Gaps have become so acceptable that some colleges, such as Princeton, have set up their own fully-funded programs to encourage students to explore the world and themselves before entering college.
And more than 90 percent of 600 gap students...
What do I need to focus on in my second semester?
Now that your first semester is under your belt, it is tempting to take it easy during your second semester. Why does it matter if some of my grades slip this semester?
What You Do Now Matters
Colleges are going to ask the following questions of you:
Did you challenge yourself? Did you take the hardest classes you could!
Did you get the best grades you could? This includes both first and second semester.
What did you do extra in your classes? Are you contributing to the class? Will your teachers discuss your contributions in your recommendations?
Keep your grades up and your enthusiasm going as you start in your spring semester. You will be glad you did!
Paying for college is often compared to paying for airline tickets. No two people pay the same price. What will your costs be at college? How much you pay for college depends on so many factors. Knowing what those factors are, and how college will look at your family’s financial situation, will help you know what the price of your “college” ticket will be. Knowing how it will differ from one college to another will help you compare one college to another.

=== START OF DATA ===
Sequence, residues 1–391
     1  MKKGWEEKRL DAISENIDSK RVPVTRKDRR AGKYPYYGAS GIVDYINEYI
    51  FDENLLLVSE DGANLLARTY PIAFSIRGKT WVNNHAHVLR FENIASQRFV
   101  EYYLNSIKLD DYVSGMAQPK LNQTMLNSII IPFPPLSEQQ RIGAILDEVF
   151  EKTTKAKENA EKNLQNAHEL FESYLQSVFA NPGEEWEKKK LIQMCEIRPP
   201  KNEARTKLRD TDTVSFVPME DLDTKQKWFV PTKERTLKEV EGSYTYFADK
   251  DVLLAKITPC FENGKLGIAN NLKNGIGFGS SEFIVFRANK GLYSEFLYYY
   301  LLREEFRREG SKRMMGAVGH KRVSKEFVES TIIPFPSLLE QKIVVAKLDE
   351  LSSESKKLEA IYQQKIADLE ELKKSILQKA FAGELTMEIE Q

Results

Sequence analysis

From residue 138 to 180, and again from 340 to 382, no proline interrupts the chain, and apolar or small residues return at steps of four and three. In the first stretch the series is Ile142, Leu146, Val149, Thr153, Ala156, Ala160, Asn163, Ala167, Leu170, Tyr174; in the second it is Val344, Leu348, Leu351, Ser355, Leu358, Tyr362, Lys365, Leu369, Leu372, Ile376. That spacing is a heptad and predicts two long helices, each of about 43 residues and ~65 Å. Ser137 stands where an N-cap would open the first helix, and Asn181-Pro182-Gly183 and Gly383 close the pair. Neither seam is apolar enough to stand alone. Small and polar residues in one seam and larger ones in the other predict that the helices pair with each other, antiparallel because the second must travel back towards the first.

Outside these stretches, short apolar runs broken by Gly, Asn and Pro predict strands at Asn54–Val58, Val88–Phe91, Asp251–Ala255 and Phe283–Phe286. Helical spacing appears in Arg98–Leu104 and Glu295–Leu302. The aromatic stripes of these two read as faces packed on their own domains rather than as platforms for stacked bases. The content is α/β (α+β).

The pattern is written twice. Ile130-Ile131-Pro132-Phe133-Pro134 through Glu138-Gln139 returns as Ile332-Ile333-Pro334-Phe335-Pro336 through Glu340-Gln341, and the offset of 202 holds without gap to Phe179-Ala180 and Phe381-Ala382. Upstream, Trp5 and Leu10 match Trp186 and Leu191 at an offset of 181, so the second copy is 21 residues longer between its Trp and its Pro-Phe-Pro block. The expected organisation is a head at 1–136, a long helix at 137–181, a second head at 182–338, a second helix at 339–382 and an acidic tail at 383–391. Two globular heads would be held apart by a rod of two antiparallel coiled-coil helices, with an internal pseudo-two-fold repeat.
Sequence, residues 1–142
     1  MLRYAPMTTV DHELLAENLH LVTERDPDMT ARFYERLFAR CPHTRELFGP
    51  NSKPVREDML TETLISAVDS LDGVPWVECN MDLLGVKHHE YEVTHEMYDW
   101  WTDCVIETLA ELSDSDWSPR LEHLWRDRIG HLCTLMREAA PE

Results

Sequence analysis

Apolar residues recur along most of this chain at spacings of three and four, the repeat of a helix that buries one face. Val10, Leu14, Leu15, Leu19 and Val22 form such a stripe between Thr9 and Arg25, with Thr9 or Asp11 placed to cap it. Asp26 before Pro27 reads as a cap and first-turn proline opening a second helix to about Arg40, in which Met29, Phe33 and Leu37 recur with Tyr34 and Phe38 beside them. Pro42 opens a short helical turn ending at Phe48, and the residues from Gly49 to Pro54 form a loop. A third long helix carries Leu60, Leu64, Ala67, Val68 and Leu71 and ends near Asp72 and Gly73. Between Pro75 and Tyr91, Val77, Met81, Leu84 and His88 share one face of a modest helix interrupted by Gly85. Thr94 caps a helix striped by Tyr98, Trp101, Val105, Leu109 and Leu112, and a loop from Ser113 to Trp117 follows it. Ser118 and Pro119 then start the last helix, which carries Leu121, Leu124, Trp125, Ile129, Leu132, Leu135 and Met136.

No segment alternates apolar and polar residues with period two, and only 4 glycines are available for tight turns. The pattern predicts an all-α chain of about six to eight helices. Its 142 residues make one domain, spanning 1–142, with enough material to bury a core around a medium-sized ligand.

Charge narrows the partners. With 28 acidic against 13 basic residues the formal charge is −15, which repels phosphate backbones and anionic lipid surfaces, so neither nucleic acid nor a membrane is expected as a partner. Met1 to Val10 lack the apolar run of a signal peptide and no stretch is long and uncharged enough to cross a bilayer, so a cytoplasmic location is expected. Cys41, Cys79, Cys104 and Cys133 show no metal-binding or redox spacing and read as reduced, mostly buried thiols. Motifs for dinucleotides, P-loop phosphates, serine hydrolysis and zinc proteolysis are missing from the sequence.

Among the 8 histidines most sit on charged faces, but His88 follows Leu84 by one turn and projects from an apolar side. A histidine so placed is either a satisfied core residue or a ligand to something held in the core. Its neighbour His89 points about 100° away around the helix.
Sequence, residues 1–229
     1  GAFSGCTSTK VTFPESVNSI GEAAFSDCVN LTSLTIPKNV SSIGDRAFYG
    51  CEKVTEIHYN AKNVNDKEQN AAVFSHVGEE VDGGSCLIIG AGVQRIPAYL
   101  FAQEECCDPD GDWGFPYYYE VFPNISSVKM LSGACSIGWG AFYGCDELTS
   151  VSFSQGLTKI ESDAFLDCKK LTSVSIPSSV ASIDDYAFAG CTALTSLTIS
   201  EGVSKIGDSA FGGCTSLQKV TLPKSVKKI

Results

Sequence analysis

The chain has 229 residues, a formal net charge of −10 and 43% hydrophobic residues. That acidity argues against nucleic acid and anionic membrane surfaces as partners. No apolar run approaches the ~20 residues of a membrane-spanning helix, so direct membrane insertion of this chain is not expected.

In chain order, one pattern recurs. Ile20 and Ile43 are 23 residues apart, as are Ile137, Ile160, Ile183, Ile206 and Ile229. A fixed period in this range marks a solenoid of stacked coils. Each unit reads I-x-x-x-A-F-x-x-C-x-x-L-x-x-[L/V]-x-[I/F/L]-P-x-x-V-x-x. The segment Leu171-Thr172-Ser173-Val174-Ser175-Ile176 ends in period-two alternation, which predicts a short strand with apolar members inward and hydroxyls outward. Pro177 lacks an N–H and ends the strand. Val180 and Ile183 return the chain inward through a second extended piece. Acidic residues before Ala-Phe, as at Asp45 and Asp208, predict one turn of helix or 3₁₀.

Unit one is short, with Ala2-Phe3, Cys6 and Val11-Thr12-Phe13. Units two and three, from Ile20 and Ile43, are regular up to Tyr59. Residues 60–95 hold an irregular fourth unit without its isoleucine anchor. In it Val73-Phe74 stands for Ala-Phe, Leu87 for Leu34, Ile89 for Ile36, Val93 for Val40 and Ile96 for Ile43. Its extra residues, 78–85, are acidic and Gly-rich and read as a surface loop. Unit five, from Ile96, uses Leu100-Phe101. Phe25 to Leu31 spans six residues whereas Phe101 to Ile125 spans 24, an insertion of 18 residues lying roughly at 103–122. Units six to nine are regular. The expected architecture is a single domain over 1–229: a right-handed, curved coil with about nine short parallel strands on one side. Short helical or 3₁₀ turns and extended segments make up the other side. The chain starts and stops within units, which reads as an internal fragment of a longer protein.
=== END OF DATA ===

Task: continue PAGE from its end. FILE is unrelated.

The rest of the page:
How do I know if I am eligible for financial aid?
What do colleges look at to determine how much you pay for college? The FAFSA or Profile forms are used to determine how much your family can contribute to your college education. The forms include questions to find out:
What is an “Expected Family...
SAT Subject tests are based on the curriculum you have in class. It's an opportunity to demonstrate your mastery of a particular subject. According to the College Board,
"The SAT Subject Tests offer you an additional opportunity to show colleges what you know and what you know you can do. Many colleges use the SAT Subject Tests for admission, for course placement, and to advise students about course selection. Some colleges specify the SAT Subject Tests that they require for admission or placement; others allow applicants to choose which tests to take."